From Arthur McNab’s daily Ranch diary, the McNab sons worked as hard on the Ranch as any agricultural effort of that size would demand. There are many entries about a ranch hand called “Indian John” that came to the Ranch to help. There is little mention of the dogs or their breeding. My personal belief is that much of we appreciate of the McNab Shepherd’s uniqueness and breeding over the years, must be credited to Bruce Walker as well as Truman Bonnifield and Alvin “Bonnie” Bonnifield who both worked for John L. McNab.
Through the years, the McNab Ranch had ranch managers. The Bonnifield brothers—Trumman in the 1920s and Alvin in the 1930s—were from a Mendocino pioneer family. They were both related to Bruce Walker by marriage. Along with Bruce Walker, the work, training, and development of the McNab Shepherd was influenced by these men.
I have personally been intrigued by the Bonnifield name because it would continually pop up in my research over the past 20 years. Paul Poulos is related to the Bonnifield family through his mother, Pearl, nee Bonnifield. Alvin Bonnifield sold McNab Shepherd pups for years in Ukiah as evidenced by his classified ads selling pups “from the McNab Ranch” for $15.00 in the 1930s. With inflation, that would be $215.00 today. A lot of money for the 1930s. Further in evidence of the importance of a McNab Shepherd in the work on a sheep ranch, was the price they would bring at the height of The Great Depression.
Alvin “Bonnie” Bonnifield made a unique contribution to the breeding of the McNab Shepherd. Speculation about what other dog breeds were used to create the McNab have always been “Basque sheepherder’s dogs.” It can now be confirmed that Kelpies were brought from New Zealand by A. R. Bonnifield in 1936 when he was Ranch manager. This announcement, as in many other historic references, refers to the McNab Shepherd as a Scotch Collie. The introduction of the Kelpie may explain the change in the conformation of the McNab ears and coat after the 1930s.
Dr. Paul Poulos, DVM, is head of the MCHS, and the nephew of Bruce Walker. Paul has been generous with his time and knowledge meeting with me several times over the last year and making his archives available for my review and use. Paul told me he is “intrigued by the history of the McNab dog, because those Border Collies were so much in my life as a teenager.” All of us that love the McNab Shepherd owe gratitude to Dr. Paul Poulos. I look forward to linking the results of my research and work on The McNab Shepherd Historical Society with the Mendocino County Historical Society as an important and unique part of the history of Ukiah and Northern California.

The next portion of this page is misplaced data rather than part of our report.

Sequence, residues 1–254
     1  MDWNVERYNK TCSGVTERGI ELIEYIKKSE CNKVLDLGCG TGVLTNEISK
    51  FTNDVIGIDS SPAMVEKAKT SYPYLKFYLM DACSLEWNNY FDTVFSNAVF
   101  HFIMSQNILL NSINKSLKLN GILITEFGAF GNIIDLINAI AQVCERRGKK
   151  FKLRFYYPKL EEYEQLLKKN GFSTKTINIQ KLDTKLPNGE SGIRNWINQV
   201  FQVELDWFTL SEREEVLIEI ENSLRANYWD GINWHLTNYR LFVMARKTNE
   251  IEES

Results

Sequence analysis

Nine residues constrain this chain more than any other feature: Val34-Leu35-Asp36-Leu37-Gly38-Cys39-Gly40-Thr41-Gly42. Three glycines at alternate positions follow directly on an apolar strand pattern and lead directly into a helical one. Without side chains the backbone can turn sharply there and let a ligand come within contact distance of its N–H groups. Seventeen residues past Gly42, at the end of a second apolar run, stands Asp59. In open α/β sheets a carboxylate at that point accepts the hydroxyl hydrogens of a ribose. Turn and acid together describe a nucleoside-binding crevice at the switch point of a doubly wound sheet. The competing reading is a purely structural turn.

“The long hair of the Border Collie and the problem of the grasses and foxtails in the area—it is said, and I have no documentation on it, that they crossed them with the Kelpie in order to get the coat down. And the Kelpie was a reasonable sheep dog.” Paul smiles and says, “The Kelpie is a logical choice to breed to a well-known, short-haired, shepherd dog, to a long-haired, well known, shepherd dog, to produce a better working dog in Mendocino County.” “The Border Collie is a great, close-in, working dog while the Kelpie is a great dog for the wide-open spaces.”
Knowing through my research that Kelpies were imported from New Zealand in the 1930s and imported to the McNab Ranch breeding effort, I told Paul that my research brought me to an article from the 1930s announcing Kelpies brought to the McNab Ranch from New Zealand. Paul says he thinks “the short-haired version of the McNab was at the point of the Kelpie introduction.”
Paul remembers that “by the 1950s and 1960s, the McNab was primarily a short-haired dog that look like what we think of as the modern day McNab. McNabs were primarily black and white dogs and they were primarily short-haired.” When asked if all Border Collies had long hair, Paul responds, “I called my veterinarian friend in Scotland and asked if he has ever seen a short-haired Border Collie. The Scottish vet said that he has never seen a short-haired Border Collie.”
In discussing who was most involved in the development of the breed Dr. Poulos stated “…and by far Alvin was the least influential in the development of the breed. And Truman (Bonnifield) was probably the most involved. And so, John McNab had some shepherds that were, I think, were clearly shepherds, just, Border Collies.”
Until the Kelpie connection!
I have to add that, in my research and experience growing up in Sonoma County, when people in Mendocino or Sonoma County said ‘sheepdog,’ they were referring to a McNab Shepherd. We were all on the same page with that definition. Paul confirmed this when he added, “You know, when you live in Ukiah, and the McNab Ranch is down the road, everybody that had a sheepdog...it was a McNab.”